I refer to Cllr Ian Tomes’s letter concerning council housing in south Wiltshire (Postbag, July 3). I would like to correct some of his statements, which I believe are misleading:

- He says that Tory controlled councils in north Wiltshire sold off their council housing stock very cheaply. Wrong, the decision to sell was entirely down to the tenants who voted in a secret ballot to move away from council control to a housing association (HA). This was Labour policy at the time. Those areas that went under HA control have seen many more new affordable houses being built than those areas that stayed under council control.

- The reason Salisbury and the south of the county voted ‘no’ to moving to HA control was down to the standards being maintained by the old Salisbury District Council. Known as the Salisbury Standard, it meant tenants received the highest standards and our housing stock was kept in excellent condition. They saw no reason to move to another landlord.

- The old method of collecting the rent meant that for every £3 received, £1 was paid to central government as a negative payment to fund social housing outside Wiltshire. The current government knew this was unfair and changed the rules. Wiltshire was able to buy the stock of council houses for a discounted price of £124m and in return we now receive 100 per cent of the rent. This has changed the future outlook completely as the cost of borrowing the money has been fixed at a low interest rate and we are financially much better off and able to do things we could not previously afford.

Evidence can be seen with many flat roofed council properties having pitched roofs fitted.

The one thing that I do agree on is that we need more affordable accommodation, and both councils and HAs are not for profit organisations so the net rents received are ploughed back in to investing in improvements for tenants, maintenance and new housing.

John Brady


I AM delighted to see the excellent work reported in the Journal that Salisbury's MP John Glen is doing in Parliament and Westminster around increasing the provision of housing.

Locally, Salisbury councillor Richard Clewer is setting the pace too, drawing up exciting plans to deliver more affordable homes in Wiltshire.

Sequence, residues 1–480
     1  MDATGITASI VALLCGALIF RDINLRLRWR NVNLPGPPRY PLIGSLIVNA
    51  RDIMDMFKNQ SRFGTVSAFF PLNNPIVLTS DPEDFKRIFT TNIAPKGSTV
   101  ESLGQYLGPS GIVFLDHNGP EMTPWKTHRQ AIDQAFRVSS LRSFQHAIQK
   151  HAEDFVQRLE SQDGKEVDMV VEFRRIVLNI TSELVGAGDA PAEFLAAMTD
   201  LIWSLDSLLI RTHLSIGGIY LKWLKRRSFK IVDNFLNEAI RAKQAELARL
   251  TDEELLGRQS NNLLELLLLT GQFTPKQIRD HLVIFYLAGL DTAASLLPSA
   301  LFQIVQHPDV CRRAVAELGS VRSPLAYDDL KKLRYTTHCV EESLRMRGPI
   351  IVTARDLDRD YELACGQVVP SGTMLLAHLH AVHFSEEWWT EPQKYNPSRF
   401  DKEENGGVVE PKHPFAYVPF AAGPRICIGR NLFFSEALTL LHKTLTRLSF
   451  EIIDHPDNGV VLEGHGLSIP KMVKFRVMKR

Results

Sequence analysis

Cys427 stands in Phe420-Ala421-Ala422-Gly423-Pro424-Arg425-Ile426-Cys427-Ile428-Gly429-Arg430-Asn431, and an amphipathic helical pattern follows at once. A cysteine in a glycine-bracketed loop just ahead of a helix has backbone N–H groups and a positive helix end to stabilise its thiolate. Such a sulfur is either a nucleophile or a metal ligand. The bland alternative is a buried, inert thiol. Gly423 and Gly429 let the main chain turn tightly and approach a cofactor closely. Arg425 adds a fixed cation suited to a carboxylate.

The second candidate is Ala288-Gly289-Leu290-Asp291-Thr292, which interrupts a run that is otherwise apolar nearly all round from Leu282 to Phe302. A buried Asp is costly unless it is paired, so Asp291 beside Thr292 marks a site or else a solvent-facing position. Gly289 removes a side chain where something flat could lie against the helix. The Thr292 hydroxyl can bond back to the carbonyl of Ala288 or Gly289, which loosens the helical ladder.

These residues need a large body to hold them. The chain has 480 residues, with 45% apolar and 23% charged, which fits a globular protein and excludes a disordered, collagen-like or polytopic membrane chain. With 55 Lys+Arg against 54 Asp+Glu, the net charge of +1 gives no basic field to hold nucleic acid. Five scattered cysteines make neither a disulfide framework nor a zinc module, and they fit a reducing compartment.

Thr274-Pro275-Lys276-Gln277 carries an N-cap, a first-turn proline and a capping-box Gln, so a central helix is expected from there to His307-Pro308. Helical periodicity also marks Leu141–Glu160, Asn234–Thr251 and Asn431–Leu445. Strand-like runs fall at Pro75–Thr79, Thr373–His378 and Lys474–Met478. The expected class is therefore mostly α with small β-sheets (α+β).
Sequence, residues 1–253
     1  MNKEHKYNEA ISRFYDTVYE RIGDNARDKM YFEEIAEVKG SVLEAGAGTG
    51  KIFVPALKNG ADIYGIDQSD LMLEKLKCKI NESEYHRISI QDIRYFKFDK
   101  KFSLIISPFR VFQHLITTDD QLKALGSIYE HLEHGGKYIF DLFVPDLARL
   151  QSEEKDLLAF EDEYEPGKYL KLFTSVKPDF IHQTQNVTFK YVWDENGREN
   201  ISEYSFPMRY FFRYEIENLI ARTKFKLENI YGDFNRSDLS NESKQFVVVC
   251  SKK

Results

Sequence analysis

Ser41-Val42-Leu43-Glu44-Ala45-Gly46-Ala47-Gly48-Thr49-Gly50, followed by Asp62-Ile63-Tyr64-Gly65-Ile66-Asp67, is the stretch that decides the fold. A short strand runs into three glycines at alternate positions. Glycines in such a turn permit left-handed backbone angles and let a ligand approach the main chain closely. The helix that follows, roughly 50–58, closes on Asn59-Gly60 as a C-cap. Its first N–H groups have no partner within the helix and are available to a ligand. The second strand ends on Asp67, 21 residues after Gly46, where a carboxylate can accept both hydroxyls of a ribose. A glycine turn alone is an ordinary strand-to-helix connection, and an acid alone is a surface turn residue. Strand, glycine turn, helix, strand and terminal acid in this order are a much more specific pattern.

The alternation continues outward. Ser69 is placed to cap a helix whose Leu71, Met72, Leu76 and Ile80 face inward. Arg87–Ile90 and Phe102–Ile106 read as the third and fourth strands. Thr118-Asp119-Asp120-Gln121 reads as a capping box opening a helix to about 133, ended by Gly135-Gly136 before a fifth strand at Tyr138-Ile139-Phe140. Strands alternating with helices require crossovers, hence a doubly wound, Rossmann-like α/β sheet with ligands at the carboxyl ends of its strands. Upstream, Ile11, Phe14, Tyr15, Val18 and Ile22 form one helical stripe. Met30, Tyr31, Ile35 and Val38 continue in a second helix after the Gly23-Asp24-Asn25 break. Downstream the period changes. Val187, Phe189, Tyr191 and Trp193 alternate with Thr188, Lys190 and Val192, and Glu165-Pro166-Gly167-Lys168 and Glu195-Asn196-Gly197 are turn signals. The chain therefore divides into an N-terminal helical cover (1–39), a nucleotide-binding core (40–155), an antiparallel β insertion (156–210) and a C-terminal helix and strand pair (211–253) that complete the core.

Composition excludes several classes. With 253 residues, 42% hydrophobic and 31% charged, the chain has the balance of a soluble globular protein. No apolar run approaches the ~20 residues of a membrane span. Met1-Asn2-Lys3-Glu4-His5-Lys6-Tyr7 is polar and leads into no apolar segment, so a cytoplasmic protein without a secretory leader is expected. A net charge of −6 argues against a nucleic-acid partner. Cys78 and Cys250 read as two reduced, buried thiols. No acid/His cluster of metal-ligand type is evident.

The trouble is that their detractors, such as the Labour councillor Ian Tomes, are quite wrong in saying that, "new housing has to be proper council housing", in that we need a good mix of affordable and also market priced houses.

The days of Marxist state control in housing are thankfully gone; never again will Labour councillors dictate to the community what housing estates will be built and where, even stipulating the colour of residents’ front doors.

Progressive councils such as Wiltshire must certainly play their part but there is a role for housing associations, private developers, community and self-build projects and others.

We need the right developments in the right place, built at the right time.

It isn't, and shouldn't be, a matter of narrow political ideology.

It is sometimes said (with a grain of truth) that Salisbury suffers from "London house prices and West Country wages", which is why efforts to increase jobs and investment, boosting wages in our city are to be applauded.

It is sad that Cllr Tomes appears not to share this approach; he voted against the plans to refurbish our fantastic Market Place to give just one example. It is to John and Richard's enormous credit that they are playing their part in delivering the Government's long term economic plan here on the ground in Salisbury, in spite of unthinking Labour opposition and intransigence.

Matthew Dean

Councillor for St Paul's Ward

Salisbury City Council